I find myself, however, drowning in internal protestations of “I deserve to be treated better.” A central challenge is that my boyfriend bristles at my pathologizing of his mom, understandably. He gets defensive of her and reminds me of how upset I might be were he to talk about my family this way. I have always been quite sensitive, so the grievances that his mother and I express tend to sound eerily similar. I want my boyfriend to be able to enjoy the time that he has left with his mother, and I wonder whether a less sensitive woman might be able to just shrug off at least some of what I get all riled up about.
If we stay together, our future will involve living in a house on property he bought, which currently has a granny unit that she’s living in. I’m in my mid-30s and want to have children, so it’s on my mind that if my relationship with my boyfriend is unsustainable, it would be best ended sooner rather than later.
How can I do a better job of being around her? Or should I leave?
Understandably, your boyfriend’s mother isn’t the future mother-in-law you’d choose if you could order up your ideal candidate, but I think the line between your professional and personal life has become blurred here, and that has made the situation blurry for you as well. It’s so much easier to see a situation clearly from the outside—therapy training or not—so let me offer an outside perspective.
As I’m sure you know, we bring our backgrounds to our current conflicts, or as we say in therapy, our fights with people tend to start long before we’ve met them. The same might be true of the fight you’re in with your boyfriend’s mother.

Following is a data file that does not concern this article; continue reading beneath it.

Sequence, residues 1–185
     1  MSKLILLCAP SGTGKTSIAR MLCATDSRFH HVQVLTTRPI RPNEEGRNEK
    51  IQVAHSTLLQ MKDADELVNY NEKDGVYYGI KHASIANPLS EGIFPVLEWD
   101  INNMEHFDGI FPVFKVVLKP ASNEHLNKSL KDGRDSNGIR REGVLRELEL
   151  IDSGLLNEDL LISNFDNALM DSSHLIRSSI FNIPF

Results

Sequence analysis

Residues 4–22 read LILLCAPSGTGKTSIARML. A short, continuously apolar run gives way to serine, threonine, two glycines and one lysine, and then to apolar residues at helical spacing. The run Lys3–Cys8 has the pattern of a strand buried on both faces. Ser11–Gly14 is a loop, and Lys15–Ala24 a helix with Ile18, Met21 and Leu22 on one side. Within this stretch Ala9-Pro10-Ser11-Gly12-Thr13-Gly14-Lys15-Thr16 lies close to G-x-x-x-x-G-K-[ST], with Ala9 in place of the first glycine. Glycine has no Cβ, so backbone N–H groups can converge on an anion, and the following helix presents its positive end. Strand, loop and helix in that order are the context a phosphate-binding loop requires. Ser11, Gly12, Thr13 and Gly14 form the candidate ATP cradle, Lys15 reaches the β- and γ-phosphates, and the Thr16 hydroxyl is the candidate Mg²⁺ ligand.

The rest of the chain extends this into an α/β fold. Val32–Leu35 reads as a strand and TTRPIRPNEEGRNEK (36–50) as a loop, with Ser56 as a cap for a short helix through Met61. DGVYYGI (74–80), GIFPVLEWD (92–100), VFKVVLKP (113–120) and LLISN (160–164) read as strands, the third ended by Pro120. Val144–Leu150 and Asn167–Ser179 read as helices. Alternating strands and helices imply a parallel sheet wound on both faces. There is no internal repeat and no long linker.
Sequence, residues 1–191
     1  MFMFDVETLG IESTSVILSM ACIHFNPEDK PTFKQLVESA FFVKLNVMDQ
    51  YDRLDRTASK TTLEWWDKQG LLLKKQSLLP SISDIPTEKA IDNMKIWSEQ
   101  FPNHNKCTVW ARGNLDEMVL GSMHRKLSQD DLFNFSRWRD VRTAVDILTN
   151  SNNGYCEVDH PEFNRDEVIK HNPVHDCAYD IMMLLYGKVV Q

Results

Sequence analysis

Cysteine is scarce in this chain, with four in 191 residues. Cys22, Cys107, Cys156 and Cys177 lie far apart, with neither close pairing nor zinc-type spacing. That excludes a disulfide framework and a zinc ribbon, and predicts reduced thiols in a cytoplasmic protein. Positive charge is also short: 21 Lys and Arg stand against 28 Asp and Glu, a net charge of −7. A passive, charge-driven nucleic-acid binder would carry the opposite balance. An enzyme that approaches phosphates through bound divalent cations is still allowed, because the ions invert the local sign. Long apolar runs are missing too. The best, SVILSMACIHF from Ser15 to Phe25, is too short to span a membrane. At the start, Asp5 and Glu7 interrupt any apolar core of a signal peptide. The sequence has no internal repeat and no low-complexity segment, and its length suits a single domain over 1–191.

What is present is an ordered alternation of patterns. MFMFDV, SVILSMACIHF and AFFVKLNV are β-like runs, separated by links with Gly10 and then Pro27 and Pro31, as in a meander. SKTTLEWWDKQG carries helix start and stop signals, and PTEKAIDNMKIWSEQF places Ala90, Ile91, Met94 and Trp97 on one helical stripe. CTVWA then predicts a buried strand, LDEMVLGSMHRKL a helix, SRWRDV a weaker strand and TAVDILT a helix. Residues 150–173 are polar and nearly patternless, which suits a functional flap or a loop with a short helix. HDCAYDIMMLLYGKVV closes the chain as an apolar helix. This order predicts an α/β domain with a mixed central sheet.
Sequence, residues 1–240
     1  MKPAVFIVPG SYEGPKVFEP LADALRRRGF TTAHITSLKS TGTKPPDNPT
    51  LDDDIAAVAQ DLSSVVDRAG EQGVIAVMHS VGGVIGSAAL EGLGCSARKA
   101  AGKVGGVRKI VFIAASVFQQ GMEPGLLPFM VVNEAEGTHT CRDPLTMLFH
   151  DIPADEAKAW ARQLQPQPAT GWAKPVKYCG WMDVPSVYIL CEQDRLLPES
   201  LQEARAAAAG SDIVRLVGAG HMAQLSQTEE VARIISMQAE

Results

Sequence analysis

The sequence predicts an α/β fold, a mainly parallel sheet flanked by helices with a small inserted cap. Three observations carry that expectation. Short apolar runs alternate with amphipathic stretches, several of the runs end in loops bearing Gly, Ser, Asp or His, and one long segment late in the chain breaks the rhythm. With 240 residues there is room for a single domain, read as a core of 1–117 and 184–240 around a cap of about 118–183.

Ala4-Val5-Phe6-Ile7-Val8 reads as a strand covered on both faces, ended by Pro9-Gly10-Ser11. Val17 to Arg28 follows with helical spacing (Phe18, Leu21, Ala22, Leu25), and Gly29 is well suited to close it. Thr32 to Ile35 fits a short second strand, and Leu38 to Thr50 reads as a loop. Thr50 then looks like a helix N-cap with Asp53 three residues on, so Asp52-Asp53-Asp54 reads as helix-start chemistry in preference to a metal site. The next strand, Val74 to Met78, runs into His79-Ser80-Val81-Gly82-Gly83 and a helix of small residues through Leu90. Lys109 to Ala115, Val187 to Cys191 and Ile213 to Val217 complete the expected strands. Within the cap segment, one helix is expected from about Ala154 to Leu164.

I’m not saying that your boyfriend’s mother isn’t difficult. I’m asking instead if some of her more irritating behaviors—her self-aggrandizement, martyrdom, and inappropriate comments—may be landing on you more heavily because of the sensitivity you mention that you’re bringing to the relationship. Of course, we all have inborn personality traits, but personalities tend to be shaped by a person’s environment as well. If his mother is pushing your buttons to this degree, it could be that there’s a historical fight going on here too—one that didn’t originate with her.
For instance, instead of adopting your boyfriend’s tack of not taking his mother’s behavior personally and letting it go, you “judge” her for her boastful monologues that aren’t personal attacks on you at all. Meanwhile, you confront her with your “displeasure,” even though intellectually you know that she’s probably not capable of taking in another’s feelings of injury without feeling injured herself. Despite understanding her limitations, you still try to get her to see you and understand you. And you want your boyfriend to see his mother’s behavior the way you do. Could it be that this is a familiar scenario, something you’ve experienced with people in your past?